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How to Play Challenges

Get briefed on how challenges work and how to play them!

Ryan Gordon avatar
Written by Ryan Gordon
Updated over a week ago

Challenges are bite-sized applications for different pentesting techniques. These come in three main difficulties, specifically Easy, Medium, and Hard, as per the coloring of their entries on the list. However, the actual difficulty is rated by the users that have completed the Challenge, and these range from Piece of cake to Brainfuck.

The purpose of Challenges is to introduce new users to different concepts such as reversing, OSINT, steganography, etc., but also challenge the more experienced ones with creative ways to resolve some of the more challenging entries on the sortie.

Following the release of the new design of the Hack The Box platform, we are putting out guides on how to navigate the new interface.

Whether you’re a new player or a veteran in Hack The Box, this guide will give you some useful tips and guidance on how to play Challenges in the new layout.

Challenge categories

We host a wealth of Challenge typologies, ranging from very hands-on to very ephemeral, conceptual ones. The categories hosted on the platform are as follows:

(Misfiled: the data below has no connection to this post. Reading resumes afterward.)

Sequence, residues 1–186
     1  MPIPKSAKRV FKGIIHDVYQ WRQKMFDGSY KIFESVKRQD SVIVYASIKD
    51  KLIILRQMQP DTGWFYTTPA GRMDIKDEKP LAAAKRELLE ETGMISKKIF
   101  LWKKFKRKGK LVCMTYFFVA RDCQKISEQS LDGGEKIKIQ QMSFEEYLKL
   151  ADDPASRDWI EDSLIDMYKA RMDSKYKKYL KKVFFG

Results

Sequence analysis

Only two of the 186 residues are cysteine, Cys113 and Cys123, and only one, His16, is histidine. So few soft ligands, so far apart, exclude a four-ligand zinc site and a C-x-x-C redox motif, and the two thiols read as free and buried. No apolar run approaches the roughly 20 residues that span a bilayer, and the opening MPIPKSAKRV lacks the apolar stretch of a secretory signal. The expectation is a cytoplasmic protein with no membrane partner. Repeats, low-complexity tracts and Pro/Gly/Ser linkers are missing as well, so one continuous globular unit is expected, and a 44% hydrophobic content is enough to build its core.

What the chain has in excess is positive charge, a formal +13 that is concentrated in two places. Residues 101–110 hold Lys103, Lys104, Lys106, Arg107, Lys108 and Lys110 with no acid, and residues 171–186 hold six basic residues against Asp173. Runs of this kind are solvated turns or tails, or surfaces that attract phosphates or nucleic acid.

Revolving around the art of reverse-engineering, this category will have you using reversing tools to find out what a certain script or program does to find the flag.


Miscellaneous Challenges that don't strictly fit into any other given category. Variety is key here but also the source of all the fun solving them.


Revolving around the art of finding or embedding hidden messages in plain-looking objects, the Stego categories will have you use steganographic tools and your detective intuition to search for the hidden flag. Don't trust your eyes.


Revolving around cryptographic functions, this category will have you decrypting objects which were locked away from the prying eye with up-to-date cryptological processes.


Revolving around web-based applications, this category will require you to detect, exploit and search through different vulnerable web applications. The themes of these Challenges are very intriguing.


Revolving around data recovery and forensics, this category will require you to nitpick at small details in recovery data batches to try to get to the bottom of what happened. A keen eye and a lot of patience will help you go a long way as a forensic analyst. No CSI quotes included.


Revolving around publicly available data farming, this category will teach you how to laterally move between search engines' pesky algorithms to try to find the missing piece of the puzzle. Or maybe the missing person?